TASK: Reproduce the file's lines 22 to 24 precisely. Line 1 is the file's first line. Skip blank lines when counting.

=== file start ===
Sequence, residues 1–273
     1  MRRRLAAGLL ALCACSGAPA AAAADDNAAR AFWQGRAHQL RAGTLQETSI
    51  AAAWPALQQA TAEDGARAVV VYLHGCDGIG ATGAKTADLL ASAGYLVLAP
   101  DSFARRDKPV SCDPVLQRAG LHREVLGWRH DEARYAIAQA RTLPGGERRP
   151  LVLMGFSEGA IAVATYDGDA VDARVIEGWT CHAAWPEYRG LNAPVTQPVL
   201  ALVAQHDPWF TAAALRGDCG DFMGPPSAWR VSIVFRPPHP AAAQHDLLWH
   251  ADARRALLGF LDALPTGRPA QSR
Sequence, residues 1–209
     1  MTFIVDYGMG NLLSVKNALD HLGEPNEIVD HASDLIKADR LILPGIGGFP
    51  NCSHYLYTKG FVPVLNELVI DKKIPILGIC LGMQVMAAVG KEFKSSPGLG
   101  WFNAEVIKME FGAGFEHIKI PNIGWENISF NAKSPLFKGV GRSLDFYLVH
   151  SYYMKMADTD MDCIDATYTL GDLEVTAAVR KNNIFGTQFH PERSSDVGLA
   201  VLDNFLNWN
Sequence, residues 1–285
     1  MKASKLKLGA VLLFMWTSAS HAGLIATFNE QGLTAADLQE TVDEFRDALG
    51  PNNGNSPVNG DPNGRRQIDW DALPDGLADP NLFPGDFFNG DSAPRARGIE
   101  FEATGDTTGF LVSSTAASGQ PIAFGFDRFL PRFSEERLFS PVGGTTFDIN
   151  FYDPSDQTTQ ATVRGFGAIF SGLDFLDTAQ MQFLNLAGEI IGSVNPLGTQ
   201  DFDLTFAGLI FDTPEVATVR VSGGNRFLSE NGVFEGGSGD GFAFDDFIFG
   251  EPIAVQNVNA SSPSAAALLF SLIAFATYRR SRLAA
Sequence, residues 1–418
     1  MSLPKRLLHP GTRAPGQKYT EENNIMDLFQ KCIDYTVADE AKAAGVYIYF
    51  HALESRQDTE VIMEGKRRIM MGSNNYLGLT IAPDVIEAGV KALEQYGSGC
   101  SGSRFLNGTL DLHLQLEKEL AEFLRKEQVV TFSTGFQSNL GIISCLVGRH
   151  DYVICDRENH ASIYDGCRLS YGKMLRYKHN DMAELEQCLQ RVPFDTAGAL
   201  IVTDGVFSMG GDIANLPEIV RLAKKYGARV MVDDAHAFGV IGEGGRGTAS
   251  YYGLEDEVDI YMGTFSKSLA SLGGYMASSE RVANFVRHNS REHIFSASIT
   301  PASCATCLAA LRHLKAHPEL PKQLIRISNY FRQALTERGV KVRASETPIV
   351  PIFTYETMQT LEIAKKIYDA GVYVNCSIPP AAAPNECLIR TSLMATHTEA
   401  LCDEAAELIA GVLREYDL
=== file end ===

     1  MSLPKRLLHP GTRAPGQKYT EENNIMDLFQ KCIDYTVADE AKAAGVYIYF
    51  HALESRQDTE VIMEGKRRIM MGSNNYLGLT IAPDVIEAGV KALEQYGSGC
   101  SGSRFLNGTL DLHLQLEKEL AEFLRKEQVV TFSTGFQSNL GIISCLVGRH